Taking the good with the bad 76



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Every marriage has its ups and downs and, in fifty-five years, ours has been no exception! But the absolute pits came in late 1963.

We had been enjoying the past five years, happily living, working and having a couple of kids in New Zealand, when our parents decided they wanted us to come home. This was something we really didn’t want to happen.

We had a very nice house in Auckland, I had a good job and was also beginning to build up a worthwhile little freelance business of my own, and we had made a lot of good friends there.




However, our parents, (Jacqui’s especially), put up numerous great arguments on why we should return to England, not the least being a directorship for me in Jacqui’s Dad’s building business. And so, we eventually weakened, much against our true feelings and put things into motion!

That meant, at short notice, going through the horrors of selling our home, packing as much of our furniture as we could afford, to take with us, and booking tickets on the ‘Oriana’.

We had no money until the sale of the house was completed and this hadn’t happened until three days before the ship was due to sail! By then we were getting daily phone calls from the shipping line. I just managed to hold them off until part of the money for the house turned up and we boarded a couple of days later, completely fraught and exhausted.

The ‘Oriana’ sailed at about eleven o’clock that night and we stood on the deck, a depressed and unhappy couple watching what had become our homeland slide slowly and inexorably away from us, never to be seen again. I really don’t remember very much of that trip, except that it was nothing like the happy-go-lucky journey to New Zealand just a few short years ago.

We had very little money, because the rest of the funds from the sale of the house hadn’t come through yet, forcing me to borrow eighty pounds from our solicitor. We had two children with us, both under five, and a third well on the way and we had no idea what was actually going to happen once we got back to England.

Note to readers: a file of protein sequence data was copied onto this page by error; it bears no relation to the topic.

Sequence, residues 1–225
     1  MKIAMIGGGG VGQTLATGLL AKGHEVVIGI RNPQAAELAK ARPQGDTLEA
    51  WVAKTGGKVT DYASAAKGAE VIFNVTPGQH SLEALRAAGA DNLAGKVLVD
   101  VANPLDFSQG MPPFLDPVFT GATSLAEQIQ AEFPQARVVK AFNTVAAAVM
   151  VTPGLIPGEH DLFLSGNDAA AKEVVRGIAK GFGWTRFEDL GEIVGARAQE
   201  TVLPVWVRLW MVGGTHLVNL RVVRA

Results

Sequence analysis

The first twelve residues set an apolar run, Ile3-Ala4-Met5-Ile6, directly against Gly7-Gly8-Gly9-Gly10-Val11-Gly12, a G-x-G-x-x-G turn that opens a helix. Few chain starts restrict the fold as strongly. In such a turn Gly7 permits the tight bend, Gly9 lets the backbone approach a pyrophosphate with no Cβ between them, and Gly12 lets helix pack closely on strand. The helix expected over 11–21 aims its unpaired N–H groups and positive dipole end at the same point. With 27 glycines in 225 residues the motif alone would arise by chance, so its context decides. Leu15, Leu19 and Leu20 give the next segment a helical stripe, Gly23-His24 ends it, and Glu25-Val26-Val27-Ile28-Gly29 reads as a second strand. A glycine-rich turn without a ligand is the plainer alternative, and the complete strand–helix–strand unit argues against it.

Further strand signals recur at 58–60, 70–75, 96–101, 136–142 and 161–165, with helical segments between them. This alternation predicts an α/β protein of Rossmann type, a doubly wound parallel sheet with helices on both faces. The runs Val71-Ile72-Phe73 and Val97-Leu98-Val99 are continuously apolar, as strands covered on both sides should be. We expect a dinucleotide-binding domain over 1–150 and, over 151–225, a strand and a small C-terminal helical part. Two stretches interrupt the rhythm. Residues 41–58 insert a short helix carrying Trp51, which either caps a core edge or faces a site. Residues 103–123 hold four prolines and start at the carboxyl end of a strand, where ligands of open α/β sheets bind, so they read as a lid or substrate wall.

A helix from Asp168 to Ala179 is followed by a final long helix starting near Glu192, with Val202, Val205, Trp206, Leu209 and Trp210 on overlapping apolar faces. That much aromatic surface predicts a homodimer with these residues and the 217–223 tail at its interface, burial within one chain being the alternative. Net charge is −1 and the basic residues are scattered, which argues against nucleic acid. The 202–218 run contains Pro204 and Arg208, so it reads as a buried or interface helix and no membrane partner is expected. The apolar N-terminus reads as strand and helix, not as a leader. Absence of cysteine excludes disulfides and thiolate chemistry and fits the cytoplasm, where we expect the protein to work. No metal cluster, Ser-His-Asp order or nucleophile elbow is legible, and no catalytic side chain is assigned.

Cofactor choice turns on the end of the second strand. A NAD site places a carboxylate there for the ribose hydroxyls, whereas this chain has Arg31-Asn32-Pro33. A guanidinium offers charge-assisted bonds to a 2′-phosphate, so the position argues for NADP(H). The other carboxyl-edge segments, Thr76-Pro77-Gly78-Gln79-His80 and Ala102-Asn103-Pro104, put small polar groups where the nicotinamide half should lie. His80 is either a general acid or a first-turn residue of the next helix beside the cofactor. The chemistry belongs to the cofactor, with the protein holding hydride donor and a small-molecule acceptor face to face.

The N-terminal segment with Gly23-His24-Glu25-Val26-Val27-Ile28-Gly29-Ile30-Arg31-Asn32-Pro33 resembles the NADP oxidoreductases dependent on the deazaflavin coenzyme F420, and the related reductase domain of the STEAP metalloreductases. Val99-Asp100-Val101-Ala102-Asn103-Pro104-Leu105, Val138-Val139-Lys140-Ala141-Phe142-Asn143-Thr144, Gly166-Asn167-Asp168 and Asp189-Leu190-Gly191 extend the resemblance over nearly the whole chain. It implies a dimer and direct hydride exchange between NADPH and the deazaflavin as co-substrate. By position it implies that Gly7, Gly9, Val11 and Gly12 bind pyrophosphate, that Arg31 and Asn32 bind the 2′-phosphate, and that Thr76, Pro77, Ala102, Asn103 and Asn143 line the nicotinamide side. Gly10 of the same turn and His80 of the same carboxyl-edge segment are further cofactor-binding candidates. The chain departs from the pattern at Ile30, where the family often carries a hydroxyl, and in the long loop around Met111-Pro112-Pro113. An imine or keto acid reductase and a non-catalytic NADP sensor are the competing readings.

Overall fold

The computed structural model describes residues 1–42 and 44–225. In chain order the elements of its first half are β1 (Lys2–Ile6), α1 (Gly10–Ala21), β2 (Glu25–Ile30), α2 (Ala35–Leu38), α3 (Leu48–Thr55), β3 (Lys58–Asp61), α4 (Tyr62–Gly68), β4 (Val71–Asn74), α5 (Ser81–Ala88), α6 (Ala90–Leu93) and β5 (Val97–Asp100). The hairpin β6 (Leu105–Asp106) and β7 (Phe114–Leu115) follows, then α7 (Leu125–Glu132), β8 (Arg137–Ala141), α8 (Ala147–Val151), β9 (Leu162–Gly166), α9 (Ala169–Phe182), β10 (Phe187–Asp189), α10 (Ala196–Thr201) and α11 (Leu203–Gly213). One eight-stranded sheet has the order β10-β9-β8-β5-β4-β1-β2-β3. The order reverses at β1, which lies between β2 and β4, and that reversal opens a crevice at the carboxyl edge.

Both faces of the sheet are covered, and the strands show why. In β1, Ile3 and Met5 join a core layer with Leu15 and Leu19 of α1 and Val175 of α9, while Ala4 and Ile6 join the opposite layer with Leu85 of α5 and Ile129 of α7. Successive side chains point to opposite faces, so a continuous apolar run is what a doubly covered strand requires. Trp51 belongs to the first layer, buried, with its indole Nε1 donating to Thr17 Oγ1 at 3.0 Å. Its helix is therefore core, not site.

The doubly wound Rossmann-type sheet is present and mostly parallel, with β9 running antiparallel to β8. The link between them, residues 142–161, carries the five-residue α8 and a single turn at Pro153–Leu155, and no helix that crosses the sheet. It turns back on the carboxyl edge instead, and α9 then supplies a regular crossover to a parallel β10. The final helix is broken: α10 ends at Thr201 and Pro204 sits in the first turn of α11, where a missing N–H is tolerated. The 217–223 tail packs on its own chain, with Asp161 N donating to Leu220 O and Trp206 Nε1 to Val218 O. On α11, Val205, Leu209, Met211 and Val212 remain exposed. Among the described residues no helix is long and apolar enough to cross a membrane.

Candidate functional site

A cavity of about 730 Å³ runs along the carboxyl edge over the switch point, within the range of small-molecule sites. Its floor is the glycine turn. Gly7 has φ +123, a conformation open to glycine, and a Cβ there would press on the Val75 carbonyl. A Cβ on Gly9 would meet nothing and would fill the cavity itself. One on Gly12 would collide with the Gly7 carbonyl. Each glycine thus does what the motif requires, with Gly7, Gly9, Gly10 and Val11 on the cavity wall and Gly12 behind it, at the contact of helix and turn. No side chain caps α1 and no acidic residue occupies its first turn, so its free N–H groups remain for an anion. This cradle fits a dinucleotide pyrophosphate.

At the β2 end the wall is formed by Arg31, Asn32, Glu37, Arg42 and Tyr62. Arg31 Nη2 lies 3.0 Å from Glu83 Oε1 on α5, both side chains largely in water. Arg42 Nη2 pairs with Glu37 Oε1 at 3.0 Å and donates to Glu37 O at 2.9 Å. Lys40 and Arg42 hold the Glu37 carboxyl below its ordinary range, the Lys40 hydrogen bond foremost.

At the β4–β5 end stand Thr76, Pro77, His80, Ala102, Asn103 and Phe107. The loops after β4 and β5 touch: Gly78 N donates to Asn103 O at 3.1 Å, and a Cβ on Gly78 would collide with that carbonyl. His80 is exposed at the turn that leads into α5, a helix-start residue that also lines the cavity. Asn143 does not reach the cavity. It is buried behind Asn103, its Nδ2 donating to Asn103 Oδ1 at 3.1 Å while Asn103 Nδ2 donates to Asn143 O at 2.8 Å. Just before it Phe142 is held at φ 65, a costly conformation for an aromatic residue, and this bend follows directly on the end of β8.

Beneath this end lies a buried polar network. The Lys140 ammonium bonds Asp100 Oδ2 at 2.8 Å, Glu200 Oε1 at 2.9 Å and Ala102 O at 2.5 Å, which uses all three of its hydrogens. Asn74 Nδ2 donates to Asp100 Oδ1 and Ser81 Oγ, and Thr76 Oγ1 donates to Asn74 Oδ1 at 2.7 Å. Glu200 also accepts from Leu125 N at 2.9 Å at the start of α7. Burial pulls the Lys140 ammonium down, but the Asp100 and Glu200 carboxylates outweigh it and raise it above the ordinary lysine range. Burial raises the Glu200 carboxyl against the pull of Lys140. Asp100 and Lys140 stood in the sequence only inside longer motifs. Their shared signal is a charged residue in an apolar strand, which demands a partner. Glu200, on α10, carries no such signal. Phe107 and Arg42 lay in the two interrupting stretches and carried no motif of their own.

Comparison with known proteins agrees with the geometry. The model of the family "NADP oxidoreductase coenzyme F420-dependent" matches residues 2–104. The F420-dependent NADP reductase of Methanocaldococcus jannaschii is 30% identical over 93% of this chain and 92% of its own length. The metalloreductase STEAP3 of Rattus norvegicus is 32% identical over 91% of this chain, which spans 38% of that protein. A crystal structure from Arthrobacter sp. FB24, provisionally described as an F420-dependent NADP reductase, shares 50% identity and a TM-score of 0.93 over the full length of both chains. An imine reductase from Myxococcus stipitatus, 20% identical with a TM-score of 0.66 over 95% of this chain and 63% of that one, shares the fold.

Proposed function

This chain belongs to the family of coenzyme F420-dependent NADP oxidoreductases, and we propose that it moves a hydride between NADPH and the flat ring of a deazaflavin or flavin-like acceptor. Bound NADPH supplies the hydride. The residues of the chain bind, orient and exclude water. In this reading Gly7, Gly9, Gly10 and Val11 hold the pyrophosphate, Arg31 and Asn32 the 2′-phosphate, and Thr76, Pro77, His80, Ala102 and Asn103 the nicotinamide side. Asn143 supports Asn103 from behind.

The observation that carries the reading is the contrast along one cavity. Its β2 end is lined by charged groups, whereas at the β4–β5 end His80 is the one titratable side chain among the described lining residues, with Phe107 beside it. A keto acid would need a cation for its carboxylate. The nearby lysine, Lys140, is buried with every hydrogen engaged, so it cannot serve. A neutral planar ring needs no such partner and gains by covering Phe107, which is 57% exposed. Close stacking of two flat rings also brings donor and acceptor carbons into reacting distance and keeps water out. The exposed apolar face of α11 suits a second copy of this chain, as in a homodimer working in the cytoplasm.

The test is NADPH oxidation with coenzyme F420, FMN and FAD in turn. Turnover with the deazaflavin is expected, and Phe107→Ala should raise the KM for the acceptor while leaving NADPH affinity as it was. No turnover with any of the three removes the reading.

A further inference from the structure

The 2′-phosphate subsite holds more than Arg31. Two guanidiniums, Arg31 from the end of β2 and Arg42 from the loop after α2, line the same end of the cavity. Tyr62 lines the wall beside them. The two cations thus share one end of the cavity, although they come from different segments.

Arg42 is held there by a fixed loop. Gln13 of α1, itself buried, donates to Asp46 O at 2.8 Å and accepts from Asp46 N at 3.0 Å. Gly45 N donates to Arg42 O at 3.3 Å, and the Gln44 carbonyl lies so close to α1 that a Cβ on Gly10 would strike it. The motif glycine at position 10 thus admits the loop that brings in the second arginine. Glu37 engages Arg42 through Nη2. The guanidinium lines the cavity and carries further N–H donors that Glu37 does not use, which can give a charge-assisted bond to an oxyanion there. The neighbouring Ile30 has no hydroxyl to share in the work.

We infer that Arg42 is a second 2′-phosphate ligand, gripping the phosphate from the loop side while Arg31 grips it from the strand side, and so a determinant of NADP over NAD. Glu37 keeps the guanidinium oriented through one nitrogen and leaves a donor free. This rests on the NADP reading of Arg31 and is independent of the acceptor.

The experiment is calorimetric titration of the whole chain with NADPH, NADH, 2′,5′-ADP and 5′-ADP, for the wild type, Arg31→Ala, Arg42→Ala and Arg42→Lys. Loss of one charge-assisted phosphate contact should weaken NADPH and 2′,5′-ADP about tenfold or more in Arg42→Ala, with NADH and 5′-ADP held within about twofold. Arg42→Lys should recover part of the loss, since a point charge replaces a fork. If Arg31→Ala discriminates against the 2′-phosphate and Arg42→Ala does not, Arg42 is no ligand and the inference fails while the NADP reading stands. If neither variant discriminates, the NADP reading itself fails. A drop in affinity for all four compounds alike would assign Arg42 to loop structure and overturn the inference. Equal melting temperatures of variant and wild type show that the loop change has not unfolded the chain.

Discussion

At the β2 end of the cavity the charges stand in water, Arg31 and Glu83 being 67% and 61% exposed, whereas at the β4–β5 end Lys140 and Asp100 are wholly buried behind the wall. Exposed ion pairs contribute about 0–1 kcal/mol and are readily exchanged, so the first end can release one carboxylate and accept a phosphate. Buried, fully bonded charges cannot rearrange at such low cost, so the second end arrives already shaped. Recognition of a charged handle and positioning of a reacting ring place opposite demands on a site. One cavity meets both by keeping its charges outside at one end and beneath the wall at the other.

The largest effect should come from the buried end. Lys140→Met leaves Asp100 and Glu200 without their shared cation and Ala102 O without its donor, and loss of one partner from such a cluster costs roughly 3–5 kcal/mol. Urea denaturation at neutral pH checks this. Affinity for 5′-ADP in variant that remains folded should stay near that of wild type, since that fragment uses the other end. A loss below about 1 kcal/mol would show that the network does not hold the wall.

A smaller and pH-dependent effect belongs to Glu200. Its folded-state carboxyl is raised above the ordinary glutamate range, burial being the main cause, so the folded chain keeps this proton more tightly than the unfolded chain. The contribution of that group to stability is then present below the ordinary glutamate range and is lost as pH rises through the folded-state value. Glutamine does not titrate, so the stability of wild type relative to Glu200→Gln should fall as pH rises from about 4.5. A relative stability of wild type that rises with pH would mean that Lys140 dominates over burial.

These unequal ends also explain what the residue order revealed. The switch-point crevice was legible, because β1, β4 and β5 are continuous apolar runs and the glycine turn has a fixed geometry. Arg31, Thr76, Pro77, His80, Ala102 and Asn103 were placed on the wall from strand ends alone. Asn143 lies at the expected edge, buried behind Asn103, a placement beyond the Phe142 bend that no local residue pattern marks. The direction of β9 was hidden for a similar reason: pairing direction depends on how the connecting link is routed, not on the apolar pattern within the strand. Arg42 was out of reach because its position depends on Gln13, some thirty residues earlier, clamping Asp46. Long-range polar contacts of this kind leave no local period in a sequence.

Thirty days later we arrived at Southampton, to a grey morning and a light drizzle of cold rain, both of us feeling more and more depressed with every splash that landed on us.

Jacqui’s parents were meeting us off the ship, and at least that gave us a moment or two of pleasure, but then we started the drive to Bristol and we were both horrified at what we were seeing.

After the bright colours, big gardens and clear blue skies of Auckland, everything about Southampton was grey! The sky was grey, and heavy with a promise of more rain, the roads were grey, and the houses were grey. Even the few trees growing in some tiny front gardens were grey from accumulated dirt. And those front gardens, you could literally stand at the front gate and touch the front door, they were so small!

Jacqui and I were both thinking, although we didn’t know it at the time, “What the hell have we done, we’ve left paradise to come to this!”

We hid it as much as we could from the parents, but both of us were acutely depressed for some time after we arrived in England. A depression made worse by the knowledge that we couldn’t afford to turn around and rush back ‘home.’ This was compounded by my job with Jacqui’s Dad falling through because he went bankrupt just after our arrival, and finally the death of my father from cancer within a month, something we’d had no idea he was suffering.

We got over the depression eventually and made things work for us again. But, nothing in England could really replace what we had known, on the other side of the world, which is why we are here, in Australia this time, very happy to be south of the equator again!


Have you been through terrible moments and come out the other side happier, stronger and more resolved?


Brian Lee

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